Retinopathy of Prematurity: Everything New Parents Need to Know
When a baby is born more than two months prematurely, there is an increased chance they will be born with a condition known as retinopathy of prematurity (ROP), which is characterized by the growth of abnormal blood vessels in the fetal retina. Although many cases of ROP are mild, with very little impact on vision, there are more aggressive cases that result in eye damage or even blindness.
What Is ROP?
The retina lines the back of the eye, where it captures information in the form of light and sends it to the brain, which organizes and translates the information into an image. When growing in the womb, a baby’s eyes begin to develop between the fifth and eighth months of gestation, eventually leading to the full formation of the retina, lens, iris, cornea, and pupil. The fetal retina begins to grow blood vessels at around the sixteenth week of pregnancy and will continue to grow throughout the rest of the pregnancy.
However, when a baby is born prematurely, retinal blood vessel growth may be hindered, and vessels may grow where they aren’t supposed to. Bleeding from these abnormal vessels may scar the retina or even cause retinal detachment and possible vision loss.
Over time, the effects of ROP may lead to:
- Retina damage or detachment, causing permanent vision loss
- Nearsightedness, or myopia
- Amblyopia, also known as a “lazy eye”
- Crossed eyes, or strabismus
What It Means for My Child
Many children born with ROP have mild cases and will see normally for their age. However, premature babies who are severely underweight or ill are the most vulnerable to developing a more advanced case of ROP. Furthermore, if the condition is severe or left untreated, it may become more serious. Signs that an infant has a more advanced case of ROP include:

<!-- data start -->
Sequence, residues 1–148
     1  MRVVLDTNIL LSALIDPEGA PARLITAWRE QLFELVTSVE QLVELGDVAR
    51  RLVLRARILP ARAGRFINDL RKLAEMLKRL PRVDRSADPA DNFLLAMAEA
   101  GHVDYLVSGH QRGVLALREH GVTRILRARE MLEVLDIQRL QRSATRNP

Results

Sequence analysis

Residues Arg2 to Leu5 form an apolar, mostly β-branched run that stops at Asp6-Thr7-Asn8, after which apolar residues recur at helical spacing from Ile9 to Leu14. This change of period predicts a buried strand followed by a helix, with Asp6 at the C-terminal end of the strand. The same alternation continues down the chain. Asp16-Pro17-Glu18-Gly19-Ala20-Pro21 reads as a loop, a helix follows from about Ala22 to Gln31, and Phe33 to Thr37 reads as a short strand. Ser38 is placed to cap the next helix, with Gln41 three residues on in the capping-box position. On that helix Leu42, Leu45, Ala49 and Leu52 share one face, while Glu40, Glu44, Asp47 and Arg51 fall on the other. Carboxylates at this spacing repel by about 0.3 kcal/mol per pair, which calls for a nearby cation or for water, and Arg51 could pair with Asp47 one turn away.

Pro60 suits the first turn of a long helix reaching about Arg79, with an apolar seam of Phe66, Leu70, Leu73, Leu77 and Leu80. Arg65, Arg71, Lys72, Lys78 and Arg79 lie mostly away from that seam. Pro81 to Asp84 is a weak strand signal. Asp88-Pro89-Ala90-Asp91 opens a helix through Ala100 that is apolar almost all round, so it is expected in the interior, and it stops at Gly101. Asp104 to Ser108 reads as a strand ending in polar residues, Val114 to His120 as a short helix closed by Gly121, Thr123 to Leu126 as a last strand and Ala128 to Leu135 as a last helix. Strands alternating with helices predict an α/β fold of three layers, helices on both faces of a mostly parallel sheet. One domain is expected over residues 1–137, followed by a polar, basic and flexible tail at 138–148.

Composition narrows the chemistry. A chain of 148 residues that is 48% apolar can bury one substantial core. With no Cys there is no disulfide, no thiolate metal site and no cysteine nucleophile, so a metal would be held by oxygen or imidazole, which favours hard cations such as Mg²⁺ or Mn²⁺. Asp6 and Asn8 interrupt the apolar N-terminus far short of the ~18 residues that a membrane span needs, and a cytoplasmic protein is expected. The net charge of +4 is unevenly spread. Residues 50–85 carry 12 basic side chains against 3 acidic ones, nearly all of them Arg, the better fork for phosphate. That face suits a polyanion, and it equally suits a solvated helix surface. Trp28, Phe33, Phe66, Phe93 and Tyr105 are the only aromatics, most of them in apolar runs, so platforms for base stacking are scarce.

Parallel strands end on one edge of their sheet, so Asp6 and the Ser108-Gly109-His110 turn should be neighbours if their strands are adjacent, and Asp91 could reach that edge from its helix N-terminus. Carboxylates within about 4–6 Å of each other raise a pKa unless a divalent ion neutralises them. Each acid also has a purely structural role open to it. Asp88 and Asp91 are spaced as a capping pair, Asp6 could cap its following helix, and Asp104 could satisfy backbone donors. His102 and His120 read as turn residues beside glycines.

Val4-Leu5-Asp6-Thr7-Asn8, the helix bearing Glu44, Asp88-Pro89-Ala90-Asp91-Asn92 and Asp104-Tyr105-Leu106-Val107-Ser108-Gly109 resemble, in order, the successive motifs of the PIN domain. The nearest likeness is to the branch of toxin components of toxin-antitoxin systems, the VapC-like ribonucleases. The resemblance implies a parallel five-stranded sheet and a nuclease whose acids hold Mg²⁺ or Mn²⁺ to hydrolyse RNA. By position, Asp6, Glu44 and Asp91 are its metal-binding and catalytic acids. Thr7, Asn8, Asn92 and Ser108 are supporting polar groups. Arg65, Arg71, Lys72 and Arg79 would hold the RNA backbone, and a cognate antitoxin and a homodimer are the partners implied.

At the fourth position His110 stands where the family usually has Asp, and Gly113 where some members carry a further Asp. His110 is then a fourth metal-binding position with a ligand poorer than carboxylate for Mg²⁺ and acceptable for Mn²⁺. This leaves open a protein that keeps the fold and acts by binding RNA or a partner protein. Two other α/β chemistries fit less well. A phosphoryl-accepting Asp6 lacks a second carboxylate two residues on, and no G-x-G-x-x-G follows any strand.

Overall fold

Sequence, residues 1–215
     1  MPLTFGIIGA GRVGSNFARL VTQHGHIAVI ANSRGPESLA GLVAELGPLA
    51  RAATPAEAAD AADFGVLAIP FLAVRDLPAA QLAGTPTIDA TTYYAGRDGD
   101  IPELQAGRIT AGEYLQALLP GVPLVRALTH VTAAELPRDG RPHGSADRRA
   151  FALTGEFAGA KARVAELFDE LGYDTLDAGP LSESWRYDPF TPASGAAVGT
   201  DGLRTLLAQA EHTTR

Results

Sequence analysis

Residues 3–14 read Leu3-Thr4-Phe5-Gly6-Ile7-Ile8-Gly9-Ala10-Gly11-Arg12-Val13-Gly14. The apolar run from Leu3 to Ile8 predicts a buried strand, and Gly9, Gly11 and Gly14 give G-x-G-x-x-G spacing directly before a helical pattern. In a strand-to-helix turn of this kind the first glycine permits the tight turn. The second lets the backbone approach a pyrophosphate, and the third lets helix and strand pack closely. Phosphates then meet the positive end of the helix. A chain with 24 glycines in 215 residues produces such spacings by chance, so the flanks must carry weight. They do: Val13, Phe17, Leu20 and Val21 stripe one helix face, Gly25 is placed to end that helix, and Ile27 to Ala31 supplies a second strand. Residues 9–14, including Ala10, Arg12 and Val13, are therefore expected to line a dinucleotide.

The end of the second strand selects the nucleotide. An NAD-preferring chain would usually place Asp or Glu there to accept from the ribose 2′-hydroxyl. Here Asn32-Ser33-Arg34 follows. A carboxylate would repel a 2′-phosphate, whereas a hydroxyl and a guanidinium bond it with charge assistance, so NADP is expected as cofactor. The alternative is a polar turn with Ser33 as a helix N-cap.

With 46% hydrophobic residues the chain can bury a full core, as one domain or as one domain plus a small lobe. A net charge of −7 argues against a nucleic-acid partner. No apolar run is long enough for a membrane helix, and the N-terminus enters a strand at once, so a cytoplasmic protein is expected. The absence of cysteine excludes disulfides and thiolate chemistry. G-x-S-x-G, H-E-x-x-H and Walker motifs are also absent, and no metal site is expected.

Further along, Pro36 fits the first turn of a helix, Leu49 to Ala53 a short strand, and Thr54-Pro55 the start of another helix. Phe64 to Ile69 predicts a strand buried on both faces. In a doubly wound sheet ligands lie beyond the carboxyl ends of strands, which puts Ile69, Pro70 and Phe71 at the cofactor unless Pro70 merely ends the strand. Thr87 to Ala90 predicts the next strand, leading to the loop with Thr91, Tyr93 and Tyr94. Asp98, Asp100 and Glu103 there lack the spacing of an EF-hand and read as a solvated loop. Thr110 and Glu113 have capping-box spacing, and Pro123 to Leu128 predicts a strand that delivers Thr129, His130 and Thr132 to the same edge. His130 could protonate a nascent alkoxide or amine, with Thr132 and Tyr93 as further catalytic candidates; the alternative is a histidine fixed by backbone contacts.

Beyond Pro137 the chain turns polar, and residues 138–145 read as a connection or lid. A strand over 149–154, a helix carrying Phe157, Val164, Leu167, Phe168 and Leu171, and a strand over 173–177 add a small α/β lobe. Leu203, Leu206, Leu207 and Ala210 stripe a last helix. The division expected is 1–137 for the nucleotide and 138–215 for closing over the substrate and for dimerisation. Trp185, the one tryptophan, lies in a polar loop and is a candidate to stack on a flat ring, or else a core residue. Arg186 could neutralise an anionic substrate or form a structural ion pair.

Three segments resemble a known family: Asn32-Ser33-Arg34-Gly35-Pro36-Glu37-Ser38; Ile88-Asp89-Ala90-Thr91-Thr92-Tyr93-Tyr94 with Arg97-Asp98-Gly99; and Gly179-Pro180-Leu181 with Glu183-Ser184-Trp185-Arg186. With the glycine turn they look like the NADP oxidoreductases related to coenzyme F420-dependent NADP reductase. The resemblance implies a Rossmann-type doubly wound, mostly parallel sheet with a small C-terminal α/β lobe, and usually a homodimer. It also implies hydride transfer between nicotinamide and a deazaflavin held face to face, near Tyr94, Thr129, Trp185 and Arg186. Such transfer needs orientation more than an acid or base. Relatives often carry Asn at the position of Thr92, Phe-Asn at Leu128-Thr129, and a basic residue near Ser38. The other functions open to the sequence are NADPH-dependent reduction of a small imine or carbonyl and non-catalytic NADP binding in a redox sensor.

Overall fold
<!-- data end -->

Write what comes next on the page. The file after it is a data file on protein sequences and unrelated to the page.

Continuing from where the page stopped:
- White scarring or discoloration of the pupil
- Involuntary eye movements
- Inability to respond to light correctly
How Is ROP Diagnosed?
When babies are born prematurely, they are sent to the hospital’s neonatal intensive care unit, or NICU (NICU), where they undergo testing to quantify their overall health. This usually includes an eye exam to determine if there are any vision issues or retinal problems. The ophthalmologist will put eye drops in the baby’s eye to dilate the pupil to get a better look at the retina and vitreous. The doctor may also use digital imaging to capture images of the retina so that they can be analyzed by an ROP specialist.
If your child has an advanced case of ROP, your doctor may recommend a few different treatment options. The most common treatment for advanced ROP is laser therapy, which involves burning the peripheral retina to protect it from abnormal blood vessel growth. Laser therapy has been the standard of treatment for ROP since the early 1990s and is considered to be highly effective, as it can prevent retinal detachment in about 90% of cases. Furthermore, this procedure has very few long-term side effects.
In more recent years, some doctors have started to use anti-vascular endothelial growth factor (anti-VEGF) injections such as Avastin (bevacizumab) and Lucentis (ranibizumab) to disrupt the growth of abnormal blood vessels. Although anti-VEGF medications are considered the standard of care for many retinal conditions, including proliferative diabetic retinopathy and wet age-related macular degeneration (AMD), this method of treatment for ROP is still being investigated through research.